RESEARCH AND DEVELOPMENT
SPECIAL REPORT: China: A Great Leap Forward in Quantum Tech?
This is part 2 of a 3-part special report on quantum technology.
“China’s leaders recognize the strategic potential of quantum science and technology to enhance economic and military dimensions of national power,” said a September 2018 report by the Center for a New American Security penned by Elsa B. Kania and John Costello.
And Chinese leaders have backed up their words with funding and manpower, said the report, “Quantum Hegemony? China’s Ambitions and the Challenge to U.S. Innovation Leadership.” Chinese President Xi Jinping has singled quantum sciences out as one the nation’s top technology priorities and wants to leap ahead of the rest of the world by 2030.
“Although China is a relative latecomer to the race, this competition will be a marathon, not a sprint, taking place over decades to come, and Chinese scientists — who are receiving nearly unlimited resources and recently have established a new world record for entangled quantum bits — could catch up in the long term,” the report said.
Experts have said the June 2017 test of the Micius quantum-enabled communications satellite should have been seen with the same urgency as when China shot down one of its defunct satellites in 2007.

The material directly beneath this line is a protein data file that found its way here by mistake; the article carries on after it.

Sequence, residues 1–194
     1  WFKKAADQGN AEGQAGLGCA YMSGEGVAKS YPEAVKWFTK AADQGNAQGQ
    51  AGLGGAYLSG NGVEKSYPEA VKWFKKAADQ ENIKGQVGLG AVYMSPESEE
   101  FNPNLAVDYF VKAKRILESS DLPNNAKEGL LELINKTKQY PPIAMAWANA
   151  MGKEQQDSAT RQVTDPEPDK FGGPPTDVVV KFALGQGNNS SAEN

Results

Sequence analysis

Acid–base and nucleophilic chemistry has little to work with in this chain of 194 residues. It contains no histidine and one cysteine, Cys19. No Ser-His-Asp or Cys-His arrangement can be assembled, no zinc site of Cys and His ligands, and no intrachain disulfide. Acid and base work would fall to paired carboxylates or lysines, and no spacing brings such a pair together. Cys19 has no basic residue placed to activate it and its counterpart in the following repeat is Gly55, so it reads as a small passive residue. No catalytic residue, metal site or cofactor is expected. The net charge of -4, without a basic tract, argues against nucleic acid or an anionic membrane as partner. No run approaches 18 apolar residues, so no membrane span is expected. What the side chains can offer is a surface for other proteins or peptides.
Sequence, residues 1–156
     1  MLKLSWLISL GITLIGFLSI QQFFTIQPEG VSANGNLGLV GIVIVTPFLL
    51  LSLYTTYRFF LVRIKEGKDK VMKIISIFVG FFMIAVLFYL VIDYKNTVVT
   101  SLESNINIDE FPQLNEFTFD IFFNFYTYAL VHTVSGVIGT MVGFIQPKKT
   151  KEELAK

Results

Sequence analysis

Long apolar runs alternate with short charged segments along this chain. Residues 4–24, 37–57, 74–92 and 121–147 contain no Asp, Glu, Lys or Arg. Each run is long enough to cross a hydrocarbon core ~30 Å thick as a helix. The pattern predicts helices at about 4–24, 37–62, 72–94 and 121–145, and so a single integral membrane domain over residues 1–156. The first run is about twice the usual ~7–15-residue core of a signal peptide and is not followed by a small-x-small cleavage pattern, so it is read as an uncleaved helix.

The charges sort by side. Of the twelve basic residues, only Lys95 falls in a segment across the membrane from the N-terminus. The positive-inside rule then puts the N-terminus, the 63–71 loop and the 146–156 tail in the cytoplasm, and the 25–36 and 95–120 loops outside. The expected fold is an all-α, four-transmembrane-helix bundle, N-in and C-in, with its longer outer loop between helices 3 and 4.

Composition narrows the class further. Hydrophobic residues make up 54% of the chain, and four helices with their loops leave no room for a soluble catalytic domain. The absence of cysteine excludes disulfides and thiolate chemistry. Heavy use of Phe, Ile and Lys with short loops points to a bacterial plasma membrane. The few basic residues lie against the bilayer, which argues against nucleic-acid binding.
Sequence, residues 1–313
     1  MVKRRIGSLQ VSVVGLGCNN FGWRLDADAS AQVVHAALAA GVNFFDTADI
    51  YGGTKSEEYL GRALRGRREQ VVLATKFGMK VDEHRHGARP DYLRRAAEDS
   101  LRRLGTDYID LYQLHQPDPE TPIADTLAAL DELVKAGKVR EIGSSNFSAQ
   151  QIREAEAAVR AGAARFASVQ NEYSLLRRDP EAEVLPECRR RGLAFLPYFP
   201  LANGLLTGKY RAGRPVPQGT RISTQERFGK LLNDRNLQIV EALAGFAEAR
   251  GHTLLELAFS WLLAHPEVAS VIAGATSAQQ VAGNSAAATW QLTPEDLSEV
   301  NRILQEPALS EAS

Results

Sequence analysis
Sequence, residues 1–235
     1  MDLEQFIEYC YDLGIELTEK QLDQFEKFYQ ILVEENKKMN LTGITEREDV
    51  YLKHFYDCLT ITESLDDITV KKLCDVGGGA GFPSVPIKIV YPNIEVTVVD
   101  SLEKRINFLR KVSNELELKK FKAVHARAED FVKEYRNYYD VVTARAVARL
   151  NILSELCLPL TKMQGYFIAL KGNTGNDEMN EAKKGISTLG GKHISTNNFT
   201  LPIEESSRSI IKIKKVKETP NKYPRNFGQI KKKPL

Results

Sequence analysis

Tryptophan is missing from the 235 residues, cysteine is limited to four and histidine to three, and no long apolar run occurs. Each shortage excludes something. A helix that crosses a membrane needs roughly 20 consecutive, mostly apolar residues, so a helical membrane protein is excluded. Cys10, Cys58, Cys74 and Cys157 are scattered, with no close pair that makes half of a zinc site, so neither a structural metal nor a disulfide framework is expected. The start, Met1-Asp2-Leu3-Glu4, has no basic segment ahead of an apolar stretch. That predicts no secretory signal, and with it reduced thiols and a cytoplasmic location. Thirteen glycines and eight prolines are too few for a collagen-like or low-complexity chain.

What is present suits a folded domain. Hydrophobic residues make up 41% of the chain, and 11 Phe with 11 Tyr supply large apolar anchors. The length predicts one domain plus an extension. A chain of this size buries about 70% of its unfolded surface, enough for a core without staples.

David Awschalom, director of the Chicago Quantum Exchange and Liew Family professor of molecular engineering, said the experiment made the U.S. government realize it had to “up its game.”
The Chinese Academy of Sciences wants to launch a number of micro and nano satellites over the next five years to create a quantum communications infrastructure, Kania said at a CNAS panel discussion on the report. There are reports of advances in quantum radar, quantum imaging for remote sensing and quantum navigation, which can be used for guidance on future missiles, she added. While the United States has programs in stovepipes, China has established the centralized Beijing Academy of Quantum Information Sciences.
Meanwhile, the existence of Chinese graduate students in the United States, who can return to Beijing and share what they have learned, remains controversial.
Costello, who recently left CNAS to become director of strategy, policy and plans for the National Protection and Programs Directorate at the Department of Homeland Security, said: “I’m not saying there is anything untoward there, but it is a model for how China goes out and trains its people and brings them back and actually funds R&D and investment. We’ve seen that over and over and over again.”
The Chicago Quantum Exchange has about 250 graduate students specializing in quantum sciences from around the world, including China. Maintaining academic freedom is vitally important to the university. And competition in science is good, Awschalom added.
“We believe in free and open communication and we always will. We don’t accept money from any government agencies that put any restrictions on publication. … If there is a problem with that, don’t give us money or don’t come here,” he said.
Kania, and other China watchers, have cautioned against thinking that the nation “is 10 feet tall” when it comes to these technological initiatives. “This will play out over years to come and it remains to be seen whether support will be sustained for the long term,” Kania said.